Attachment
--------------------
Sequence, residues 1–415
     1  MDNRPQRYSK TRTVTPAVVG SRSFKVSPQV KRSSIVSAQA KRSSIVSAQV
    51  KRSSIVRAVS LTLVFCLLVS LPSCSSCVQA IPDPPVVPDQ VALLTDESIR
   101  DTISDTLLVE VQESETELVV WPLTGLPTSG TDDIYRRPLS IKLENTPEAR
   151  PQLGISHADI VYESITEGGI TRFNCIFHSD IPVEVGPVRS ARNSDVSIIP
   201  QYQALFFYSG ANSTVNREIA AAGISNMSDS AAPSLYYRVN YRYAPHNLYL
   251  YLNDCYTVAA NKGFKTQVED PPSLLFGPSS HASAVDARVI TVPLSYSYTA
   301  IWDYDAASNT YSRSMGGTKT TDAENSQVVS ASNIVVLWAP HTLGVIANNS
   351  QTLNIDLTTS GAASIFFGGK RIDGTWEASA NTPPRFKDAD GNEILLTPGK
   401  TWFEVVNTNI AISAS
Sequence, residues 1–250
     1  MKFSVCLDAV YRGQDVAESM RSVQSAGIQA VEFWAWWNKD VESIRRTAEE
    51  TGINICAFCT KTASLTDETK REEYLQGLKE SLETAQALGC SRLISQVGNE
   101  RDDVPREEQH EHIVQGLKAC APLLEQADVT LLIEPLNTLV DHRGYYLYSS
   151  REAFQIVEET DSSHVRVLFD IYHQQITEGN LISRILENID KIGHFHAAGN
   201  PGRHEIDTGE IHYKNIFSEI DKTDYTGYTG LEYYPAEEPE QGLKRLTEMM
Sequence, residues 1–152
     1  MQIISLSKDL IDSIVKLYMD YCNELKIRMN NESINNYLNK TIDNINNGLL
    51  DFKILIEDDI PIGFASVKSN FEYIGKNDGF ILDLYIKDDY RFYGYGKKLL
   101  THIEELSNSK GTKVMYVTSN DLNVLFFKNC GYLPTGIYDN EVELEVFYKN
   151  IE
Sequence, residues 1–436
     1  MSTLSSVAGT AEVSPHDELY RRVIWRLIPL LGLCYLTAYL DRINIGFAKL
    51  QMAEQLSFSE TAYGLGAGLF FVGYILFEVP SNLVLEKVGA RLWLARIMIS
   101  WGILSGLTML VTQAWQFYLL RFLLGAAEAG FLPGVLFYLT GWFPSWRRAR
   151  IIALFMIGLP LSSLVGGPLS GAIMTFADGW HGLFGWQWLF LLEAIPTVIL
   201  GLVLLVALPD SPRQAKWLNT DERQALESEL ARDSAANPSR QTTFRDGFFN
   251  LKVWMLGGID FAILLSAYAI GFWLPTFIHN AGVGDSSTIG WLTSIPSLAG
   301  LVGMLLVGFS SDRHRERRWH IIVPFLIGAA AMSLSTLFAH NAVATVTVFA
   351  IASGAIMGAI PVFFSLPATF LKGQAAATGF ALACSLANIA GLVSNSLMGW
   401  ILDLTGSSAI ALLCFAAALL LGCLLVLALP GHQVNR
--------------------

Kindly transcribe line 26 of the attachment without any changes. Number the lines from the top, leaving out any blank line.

   151  IIALFMIGLP LSSLVGGPLS GAIMTFADGW HGLFGWQWLF LLEAIPTVIL